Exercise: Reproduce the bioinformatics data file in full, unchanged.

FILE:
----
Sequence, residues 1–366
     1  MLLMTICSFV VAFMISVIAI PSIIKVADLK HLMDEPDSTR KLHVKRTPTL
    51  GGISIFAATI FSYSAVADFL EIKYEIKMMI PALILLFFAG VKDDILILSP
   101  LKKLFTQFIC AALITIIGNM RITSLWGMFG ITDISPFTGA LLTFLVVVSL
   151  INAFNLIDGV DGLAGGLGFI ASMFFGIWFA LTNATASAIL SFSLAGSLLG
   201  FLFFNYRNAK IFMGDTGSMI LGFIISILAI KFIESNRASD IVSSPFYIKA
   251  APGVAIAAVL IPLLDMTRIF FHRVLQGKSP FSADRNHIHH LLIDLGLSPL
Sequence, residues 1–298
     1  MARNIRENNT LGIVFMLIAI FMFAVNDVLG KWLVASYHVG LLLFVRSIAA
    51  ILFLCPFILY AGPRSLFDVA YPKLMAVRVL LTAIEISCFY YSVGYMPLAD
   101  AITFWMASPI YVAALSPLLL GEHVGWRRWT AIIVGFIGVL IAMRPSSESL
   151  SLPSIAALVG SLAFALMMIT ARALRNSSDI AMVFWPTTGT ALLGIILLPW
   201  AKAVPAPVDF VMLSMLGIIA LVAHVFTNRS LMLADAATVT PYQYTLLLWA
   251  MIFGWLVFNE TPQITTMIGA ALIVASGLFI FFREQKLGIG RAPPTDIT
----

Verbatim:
Sequence, residues 1–366
     1  MLLMTICSFV VAFMISVIAI PSIIKVADLK HLMDEPDSTR KLHVKRTPTL
    51  GGISIFAATI FSYSAVADFL EIKYEIKMMI PALILLFFAG VKDDILILSP
   101  LKKLFTQFIC AALITIIGNM RITSLWGMFG ITDISPFTGA LLTFLVVVSL
   151  INAFNLIDGV DGLAGGLGFI ASMFFGIWFA LTNATASAIL SFSLAGSLLG
   201  FLFFNYRNAK IFMGDTGSMI LGFIISILAI KFIESNRASD IVSSPFYIKA
   251  APGVAIAAVL IPLLDMTRIF FHRVLQGKSP FSADRNHIHH LLIDLGLSPL
Sequence, residues 1–298
     1  MARNIRENNT LGIVFMLIAI FMFAVNDVLG KWLVASYHVG LLLFVRSIAA
    51  ILFLCPFILY AGPRSLFDVA YPKLMAVRVL LTAIEISCFY YSVGYMPLAD
   101  AITFWMASPI YVAALSPLLL GEHVGWRRWT AIIVGFIGVL IAMRPSSESL
   151  SLPSIAALVG SLAFALMMIT ARALRNSSDI AMVFWPTTGT ALLGIILLPW
   201  AKAVPAPVDF VMLSMLGIIA LVAHVFTNRS LMLADAATVT PYQYTLLLWA
   251  MIFGWLVFNE TPQITTMIGA ALIVASGLFI FFREQKLGIG RAPPTDIT